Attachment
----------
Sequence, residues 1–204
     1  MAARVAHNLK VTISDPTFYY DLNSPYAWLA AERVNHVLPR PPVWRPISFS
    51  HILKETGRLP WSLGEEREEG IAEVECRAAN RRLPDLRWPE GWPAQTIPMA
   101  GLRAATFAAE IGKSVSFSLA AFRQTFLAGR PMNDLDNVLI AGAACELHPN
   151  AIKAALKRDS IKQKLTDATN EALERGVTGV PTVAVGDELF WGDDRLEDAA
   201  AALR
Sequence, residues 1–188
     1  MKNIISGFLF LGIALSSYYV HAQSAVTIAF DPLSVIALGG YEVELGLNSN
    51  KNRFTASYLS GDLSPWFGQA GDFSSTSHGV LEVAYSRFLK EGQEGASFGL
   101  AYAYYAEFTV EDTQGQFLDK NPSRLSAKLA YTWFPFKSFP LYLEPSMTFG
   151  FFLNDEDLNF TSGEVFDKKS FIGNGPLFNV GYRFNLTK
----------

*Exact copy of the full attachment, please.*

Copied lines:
Sequence, residues 1–204
     1  MAARVAHNLK VTISDPTFYY DLNSPYAWLA AERVNHVLPR PPVWRPISFS
    51  HILKETGRLP WSLGEEREEG IAEVECRAAN RRLPDLRWPE GWPAQTIPMA
   101  GLRAATFAAE IGKSVSFSLA AFRQTFLAGR PMNDLDNVLI AGAACELHPN
   151  AIKAALKRDS IKQKLTDATN EALERGVTGV PTVAVGDELF WGDDRLEDAA
   201  AALR
Sequence, residues 1–188
     1  MKNIISGFLF LGIALSSYYV HAQSAVTIAF DPLSVIALGG YEVELGLNSN
    51  KNRFTASYLS GDLSPWFGQA GDFSSTSHGV LEVAYSRFLK EGQEGASFGL
   101  AYAYYAEFTV EDTQGQFLDK NPSRLSAKLA YTWFPFKSFP LYLEPSMTFG
   151  FFLNDEDLNF TSGEVFDKKS FIGNGPLFNV GYRFNLTK